With his full-beard rugged look, soiled whites and strapped elbow, Liam Plunkett looked every bit a war hero as he acknowledged the royal reception from the stands. He waved and clapped as he walked down the famous Lord’s slope to take his position at the fine-leg fence. He had just bowled what could be the most-significant 6 balls of the series and the capacity crowd was letting him know that.
By dismissing Cheteshwar Pujara and Virat Kohli, in successive balls, Plunkett had damaged the L3 and L4 of the Indian spine. With Ajinkya Rahane, too, getting out cheaply, India would finish at 169/4. And the visitors had conceded a 24-run lead in the first innings, they were actually 145 with 6 wickets in hand.
India was much more comfortably placed when Plunkett had started ‘the’ over of the day, which was 44th of the innings. They were 123/1 with Pujara on 43 and Vijay on 37. The two batsmen, who famously get along when on 22 yards, seemed set for a big Lord’s partnership.
The final session was just 15 overs old but the solidity of the Indian batsmen was such that you thought that Vijay and Pujara would walk to the pavilion at stumps, unconquered. In the clear blue sky, the harsh sun would hide briefly behind the few stray clouds that would pass over London. Even the weather looked predictable as a lazy afternoon seemed on cards.
That’s until Pujara made the first wrong decision of the day. Or was it indecision? Before his false stroke, he had played a perfect innings. To James Anderson’s frustration, Pujara knew where his off-stump was. Forget that, he even knew how tall it was. Showing precise judgement against England’s sharpest bowler Anderson, who bowled a probing off-stump line, the India No.3 would get his head over the ball to play the ones he had to. While the ones that were wider or higher were left alone.
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There were also those delivers that came swinging in towards the middle stump but sneaked towards the slips at the last minute.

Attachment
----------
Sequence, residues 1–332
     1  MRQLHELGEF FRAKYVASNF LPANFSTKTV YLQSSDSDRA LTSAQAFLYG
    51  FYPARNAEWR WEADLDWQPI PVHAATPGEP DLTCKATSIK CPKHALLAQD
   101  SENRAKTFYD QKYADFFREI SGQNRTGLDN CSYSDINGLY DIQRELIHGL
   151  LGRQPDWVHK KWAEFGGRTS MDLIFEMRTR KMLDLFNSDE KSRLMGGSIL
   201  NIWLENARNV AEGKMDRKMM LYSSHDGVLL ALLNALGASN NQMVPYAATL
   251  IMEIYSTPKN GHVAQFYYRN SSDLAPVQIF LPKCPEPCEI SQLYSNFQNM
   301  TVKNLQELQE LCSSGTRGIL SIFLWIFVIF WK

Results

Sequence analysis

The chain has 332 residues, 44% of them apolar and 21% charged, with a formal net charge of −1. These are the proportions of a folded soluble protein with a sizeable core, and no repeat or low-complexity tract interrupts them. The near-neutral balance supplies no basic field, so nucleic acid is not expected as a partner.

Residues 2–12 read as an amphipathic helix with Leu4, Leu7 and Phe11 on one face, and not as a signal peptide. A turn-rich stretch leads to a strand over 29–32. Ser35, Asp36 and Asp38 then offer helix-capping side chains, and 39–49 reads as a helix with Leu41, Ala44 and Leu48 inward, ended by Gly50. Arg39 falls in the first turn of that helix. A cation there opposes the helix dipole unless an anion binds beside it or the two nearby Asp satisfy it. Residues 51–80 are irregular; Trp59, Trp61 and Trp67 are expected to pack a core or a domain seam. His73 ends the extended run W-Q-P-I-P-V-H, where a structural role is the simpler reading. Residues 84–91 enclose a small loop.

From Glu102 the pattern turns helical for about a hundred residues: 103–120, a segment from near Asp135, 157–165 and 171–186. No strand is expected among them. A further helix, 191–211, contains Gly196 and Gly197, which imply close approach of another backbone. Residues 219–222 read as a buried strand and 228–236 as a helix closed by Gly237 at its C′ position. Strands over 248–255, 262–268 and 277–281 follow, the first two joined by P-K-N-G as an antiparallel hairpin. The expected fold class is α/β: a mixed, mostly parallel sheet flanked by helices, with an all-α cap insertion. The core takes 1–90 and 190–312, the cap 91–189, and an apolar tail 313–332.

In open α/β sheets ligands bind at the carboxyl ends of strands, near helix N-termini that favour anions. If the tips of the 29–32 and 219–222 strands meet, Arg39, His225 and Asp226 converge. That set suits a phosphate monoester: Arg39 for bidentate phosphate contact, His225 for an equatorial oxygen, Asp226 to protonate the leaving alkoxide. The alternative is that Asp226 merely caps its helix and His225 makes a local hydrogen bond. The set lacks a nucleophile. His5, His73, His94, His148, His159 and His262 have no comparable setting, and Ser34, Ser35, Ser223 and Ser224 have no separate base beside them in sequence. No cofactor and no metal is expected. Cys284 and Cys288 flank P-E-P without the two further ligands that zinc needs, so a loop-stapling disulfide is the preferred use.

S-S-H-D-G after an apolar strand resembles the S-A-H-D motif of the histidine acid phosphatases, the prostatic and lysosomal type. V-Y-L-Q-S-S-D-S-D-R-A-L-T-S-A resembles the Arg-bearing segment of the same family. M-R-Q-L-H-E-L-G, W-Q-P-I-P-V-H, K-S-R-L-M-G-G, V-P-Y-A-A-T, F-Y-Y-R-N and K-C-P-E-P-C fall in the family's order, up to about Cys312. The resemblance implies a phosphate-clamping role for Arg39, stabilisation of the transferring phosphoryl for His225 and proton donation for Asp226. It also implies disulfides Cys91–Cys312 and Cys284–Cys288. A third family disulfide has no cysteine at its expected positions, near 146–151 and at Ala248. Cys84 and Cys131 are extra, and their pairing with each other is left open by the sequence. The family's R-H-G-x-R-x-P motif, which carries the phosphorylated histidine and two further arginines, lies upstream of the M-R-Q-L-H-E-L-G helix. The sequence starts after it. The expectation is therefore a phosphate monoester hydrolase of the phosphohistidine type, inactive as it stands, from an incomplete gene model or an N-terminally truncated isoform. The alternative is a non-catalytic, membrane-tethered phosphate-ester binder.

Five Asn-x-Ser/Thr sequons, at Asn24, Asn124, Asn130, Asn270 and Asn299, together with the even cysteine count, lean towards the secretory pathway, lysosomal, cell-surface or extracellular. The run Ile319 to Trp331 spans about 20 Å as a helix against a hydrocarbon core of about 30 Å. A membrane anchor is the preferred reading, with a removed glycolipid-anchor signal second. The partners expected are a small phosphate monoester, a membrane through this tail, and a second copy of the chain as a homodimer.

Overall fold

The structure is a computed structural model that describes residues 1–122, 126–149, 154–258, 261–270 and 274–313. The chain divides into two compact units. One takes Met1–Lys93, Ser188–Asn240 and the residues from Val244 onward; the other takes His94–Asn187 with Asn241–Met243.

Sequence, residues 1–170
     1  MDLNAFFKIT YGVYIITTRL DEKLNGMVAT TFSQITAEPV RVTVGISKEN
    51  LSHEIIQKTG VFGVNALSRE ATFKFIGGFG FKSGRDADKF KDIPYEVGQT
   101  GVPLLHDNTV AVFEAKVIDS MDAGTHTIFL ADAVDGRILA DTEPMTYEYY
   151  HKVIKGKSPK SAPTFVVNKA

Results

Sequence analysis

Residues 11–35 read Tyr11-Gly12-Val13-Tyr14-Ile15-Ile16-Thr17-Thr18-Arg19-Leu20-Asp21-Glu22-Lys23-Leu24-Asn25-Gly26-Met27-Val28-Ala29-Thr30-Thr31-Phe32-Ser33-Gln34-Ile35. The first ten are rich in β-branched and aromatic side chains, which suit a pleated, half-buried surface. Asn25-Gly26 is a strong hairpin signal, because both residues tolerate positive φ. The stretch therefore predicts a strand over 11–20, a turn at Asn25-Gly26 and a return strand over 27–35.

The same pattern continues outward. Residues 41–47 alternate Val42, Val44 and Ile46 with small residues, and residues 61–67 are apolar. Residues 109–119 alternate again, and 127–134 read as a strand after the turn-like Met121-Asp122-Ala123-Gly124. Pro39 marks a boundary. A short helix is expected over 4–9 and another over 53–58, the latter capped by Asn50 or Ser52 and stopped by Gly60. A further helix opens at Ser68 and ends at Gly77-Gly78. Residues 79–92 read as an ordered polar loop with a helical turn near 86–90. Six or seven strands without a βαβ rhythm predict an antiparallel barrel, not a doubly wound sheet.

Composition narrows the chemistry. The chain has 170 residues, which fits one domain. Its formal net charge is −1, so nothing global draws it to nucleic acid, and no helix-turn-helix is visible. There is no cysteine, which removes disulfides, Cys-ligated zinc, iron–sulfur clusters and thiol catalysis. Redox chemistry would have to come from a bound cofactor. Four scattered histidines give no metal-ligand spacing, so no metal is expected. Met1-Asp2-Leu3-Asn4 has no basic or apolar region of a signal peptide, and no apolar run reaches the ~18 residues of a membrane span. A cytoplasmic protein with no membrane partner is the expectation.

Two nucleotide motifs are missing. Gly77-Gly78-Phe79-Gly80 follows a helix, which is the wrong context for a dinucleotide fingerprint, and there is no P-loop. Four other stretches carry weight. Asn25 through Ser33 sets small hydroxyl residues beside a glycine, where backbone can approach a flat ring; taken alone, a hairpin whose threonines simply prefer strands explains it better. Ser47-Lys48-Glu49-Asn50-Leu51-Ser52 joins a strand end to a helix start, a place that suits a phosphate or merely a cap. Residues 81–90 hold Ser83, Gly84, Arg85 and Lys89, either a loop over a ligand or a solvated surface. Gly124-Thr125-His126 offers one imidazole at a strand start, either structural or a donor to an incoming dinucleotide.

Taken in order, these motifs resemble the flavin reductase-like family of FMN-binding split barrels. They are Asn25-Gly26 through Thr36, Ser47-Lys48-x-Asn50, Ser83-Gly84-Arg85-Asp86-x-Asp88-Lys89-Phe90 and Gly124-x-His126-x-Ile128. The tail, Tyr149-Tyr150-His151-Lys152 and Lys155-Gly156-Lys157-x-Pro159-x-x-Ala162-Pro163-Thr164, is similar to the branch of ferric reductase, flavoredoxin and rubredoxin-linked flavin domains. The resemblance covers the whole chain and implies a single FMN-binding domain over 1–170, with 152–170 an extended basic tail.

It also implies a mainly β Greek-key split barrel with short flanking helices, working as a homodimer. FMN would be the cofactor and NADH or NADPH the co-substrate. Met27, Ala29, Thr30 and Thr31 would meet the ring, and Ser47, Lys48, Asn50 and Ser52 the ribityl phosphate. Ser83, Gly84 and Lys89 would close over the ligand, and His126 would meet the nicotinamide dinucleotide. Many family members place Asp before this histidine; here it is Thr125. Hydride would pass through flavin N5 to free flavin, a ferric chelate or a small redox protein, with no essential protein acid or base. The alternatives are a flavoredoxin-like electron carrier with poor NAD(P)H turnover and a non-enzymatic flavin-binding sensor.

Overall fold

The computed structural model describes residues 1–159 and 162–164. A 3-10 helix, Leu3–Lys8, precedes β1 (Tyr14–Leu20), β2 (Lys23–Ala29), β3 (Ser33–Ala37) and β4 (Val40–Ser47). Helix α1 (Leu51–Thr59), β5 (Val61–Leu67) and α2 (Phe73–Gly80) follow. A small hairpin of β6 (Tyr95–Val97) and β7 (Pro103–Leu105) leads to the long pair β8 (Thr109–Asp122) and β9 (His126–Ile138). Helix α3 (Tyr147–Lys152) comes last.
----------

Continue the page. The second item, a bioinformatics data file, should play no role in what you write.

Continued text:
Even those couldn’t catch Pujara’s fancy or the edge of his bat. He seemed to have passed the Anderson test of patience.
After negotiating Anderson’s 14-6-26-0, Pujara and Vijay got to face Stuart Broad and Plunkett, the pair that hasn’t really bothered the Indians. After the long period of vigil, the Indian batsmen might have seen this as a window of opportunity to score some quick runs.
So when Plunkett bowled a ball that was slightly outside off, Pujara first reached for it and at the last micro second he pulled back. It was too late, the ball took the edge of the hanging bat and it landed in the hands of the wicketkeeper. 123/2 wasn’t bad but 123/3, that was a ball away, was worrisome.
Golden duck for Kohli
Plunkett came up with a dream ‘first ball’ to Kohli. Dressing room instructions are fresh in the minds when batsmen take guard.
‘Leave the ball’ is the usual tip, especially in England, that is given to those who are padding up. So when Plunkett’s ball seemed to be landing about a foot outside off-stump, Kohli thought of letting it pass. Suddenly, the ball, like a Saturday night drunk driver on a mean curve, came crashing at the top of off-stumps. In a space of a couple of balls, Lord’s was alive again. Plunkett’s two balls had killed the boredom.
The Test had been given another twist. England were once again on India’s shoulder, just one more lunge away from pinning them down.
A fidgety Dhoni on the crease added to the excitement. Plunkett continued to exploit Dhoni’s early weakness against the balls pitched around the off-stump. The Indian skipper would mishit balls that would trickle to point or walk down the track to let the ball hit his pad. Loud appeals, shrieks from the stands. Lord’s alive again.
Plunkett, who for most of the Nottingham Test was banging the ball short and being an impact bowler, had got new role at Lord’s that suited him more. He was bowling fast, pitching it full and hitting the right areas. And he was also walking down the Lord’s slope clapping and smiling, acknowledging the grand reception that a war hero deserves.